Aterako ote da Grezia eurogunetik? Aterako ote dute?

1) Grexit?1

Linkean hiru aukera daude:

a) Greece surely isn’t going to abandon the euro, as there is an overwhelming political consensus against that direct act. However, expulsion from the EZ is certainly a possibility, if not probability if Syriza follows through with it’s stated program

b) Greece will leave euro, …Greece will have its own currency in march

c) Greece cannot get out of the situation without a de facto default on it’s debt, either through debt haircuts, jubilees or neo-drachmas devaluation

2) Arazoa Nazioarteko Moneta Fondoa da (IMF)2.

Syriza is not really up against the EU or ECB, or the Troika, that’s a sideshow. They’re taking the battle to the IMF, a sort of silent partner in the Troika, and the organization that rules the world for the rich and the banks they own. And that, if they had paid a bit more attention and a bit less hubris, could have gone on the way they have, small squeeze after small squeeze, without hardly anyone noticing, until the end of – this – civilization. But no. It had to be more.

It’s going to be a bloody battle. And it hasn’t even started yet. But kudos to all Greeks for starting it. It has to be done. And I don’t see how the euro could possibly survive it.”

3) Greziak Europaren etorkizuna alda lezake3.

3a) EBZ eta AEBko Fed:

  1. Contrary to popular belief, the authorities do not fear that a Greek exit could cause a serious financial crisis of the euro.

  2. The ECB can create money like the US Federal Reserve, and has all the firepower it needs to make sure that a Greek exit would not cause serious damage to the eurozone financial system.

  3. ECB President Mario Draghi proved this in July 2012 when he brought an end to the financial crisis of the eurozone — and doubts about the survival of the single-currency bloc itself — by merely stating that he would do “whatever it takesto defend the euro.

3b) Benetako beldurra:

  1. The real fear is that Greece might leave the currency and, after weathering the flight of capital and an initial crisis, recover much more quickly than the rest of Europe, prompting other governments to also want to leave the euro.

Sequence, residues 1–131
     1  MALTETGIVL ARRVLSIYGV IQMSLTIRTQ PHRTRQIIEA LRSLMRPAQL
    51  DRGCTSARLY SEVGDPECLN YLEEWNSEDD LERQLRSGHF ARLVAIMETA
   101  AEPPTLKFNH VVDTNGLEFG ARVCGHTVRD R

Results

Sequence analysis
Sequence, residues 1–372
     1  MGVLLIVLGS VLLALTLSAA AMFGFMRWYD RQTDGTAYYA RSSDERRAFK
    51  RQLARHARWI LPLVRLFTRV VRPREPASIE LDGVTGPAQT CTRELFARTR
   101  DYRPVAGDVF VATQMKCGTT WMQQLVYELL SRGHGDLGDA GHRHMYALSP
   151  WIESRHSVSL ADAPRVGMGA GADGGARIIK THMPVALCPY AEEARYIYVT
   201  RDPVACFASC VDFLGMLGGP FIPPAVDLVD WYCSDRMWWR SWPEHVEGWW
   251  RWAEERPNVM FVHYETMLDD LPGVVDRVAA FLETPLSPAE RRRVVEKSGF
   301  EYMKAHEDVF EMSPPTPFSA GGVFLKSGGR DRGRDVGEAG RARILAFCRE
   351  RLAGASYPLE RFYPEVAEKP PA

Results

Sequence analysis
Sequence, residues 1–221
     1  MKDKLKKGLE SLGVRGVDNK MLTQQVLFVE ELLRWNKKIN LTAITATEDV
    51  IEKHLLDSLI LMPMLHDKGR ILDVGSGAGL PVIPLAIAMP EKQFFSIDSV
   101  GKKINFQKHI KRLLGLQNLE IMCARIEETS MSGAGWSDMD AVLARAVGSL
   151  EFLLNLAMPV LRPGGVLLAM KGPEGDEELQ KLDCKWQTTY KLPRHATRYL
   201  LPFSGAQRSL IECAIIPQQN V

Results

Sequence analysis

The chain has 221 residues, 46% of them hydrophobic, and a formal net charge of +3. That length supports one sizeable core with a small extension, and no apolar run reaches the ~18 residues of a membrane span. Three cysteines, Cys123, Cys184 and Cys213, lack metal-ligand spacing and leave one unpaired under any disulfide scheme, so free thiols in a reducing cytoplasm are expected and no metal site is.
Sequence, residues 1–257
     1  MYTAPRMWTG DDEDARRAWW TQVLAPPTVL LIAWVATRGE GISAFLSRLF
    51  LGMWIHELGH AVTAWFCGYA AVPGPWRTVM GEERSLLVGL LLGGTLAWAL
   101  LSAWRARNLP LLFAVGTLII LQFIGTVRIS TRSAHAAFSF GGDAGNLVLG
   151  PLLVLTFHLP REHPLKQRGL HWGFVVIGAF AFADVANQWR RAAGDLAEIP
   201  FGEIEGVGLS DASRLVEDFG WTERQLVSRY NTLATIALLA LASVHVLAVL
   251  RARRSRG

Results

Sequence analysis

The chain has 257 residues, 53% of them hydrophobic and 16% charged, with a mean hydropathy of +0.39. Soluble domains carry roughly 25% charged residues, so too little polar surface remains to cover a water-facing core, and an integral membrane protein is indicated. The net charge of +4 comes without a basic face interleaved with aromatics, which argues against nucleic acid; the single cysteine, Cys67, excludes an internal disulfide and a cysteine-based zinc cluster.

2. The entire currency union could be threatened. Bluffs and bluster fill the financial press at the moment, but the smarter people in Brussels and Frankfurt understand this reality, and will want to make some concessions to the new government in Greece.

Eurogunearen bukaera ote?: Either way, this is the beginning of the end of the eurozone’s long nightmare.

2 Ikus It’s Greece vs Wall Street:

3 Ikus How Greece Could Change the Future of Europe:

Iruzkinak (3)

  • joseba

    The Return Of The German Question

    “It is hard to see how the leaders of France, Italy and Greece can create growth and jobs without a big shift in Eurozone economic policy. But it is also increasingly hard to see how they can force such a shift unless they join forces and take a more confrontational approach to Germany – as many are now urging them to. Thus the geopolitical dilemmas that Europe struggled with for centuries seem to have returned in geo-economic form, centred this time on the conflict between the interests of creditor and debtor countries locked into a single currency. What is unclear is how much conflict within Europe will be needed to resolve this dynamic.”

  • joseba

    Bill Mitchell: Time is running out for neo-liberalism

    “Whether Syriza keeps its end of the bargain is difficult to know. My friend the Finance Minister confused things yesterday when he told the BBC that he was in favour of privatisation. What?
    The other problem for these against-austerity parties in the Eurozone is that they cannot achieve their aims within the fiscal rules of the zone. Once stabilised with low unemployment and sustainable growth rates, the fiscal deficits might be able to be below the 3 per cent threshold on an on-going basis.
    But given the depth of the crisis in Greece, the fiscal deficits will have to be well above 3 per cent for an extended period to reach that level of stability in the real economy.
    It is almost impossible to see how that can achieve real change while remaining under the yoke of the Stability and Growth Pact, the debt issues aside.”

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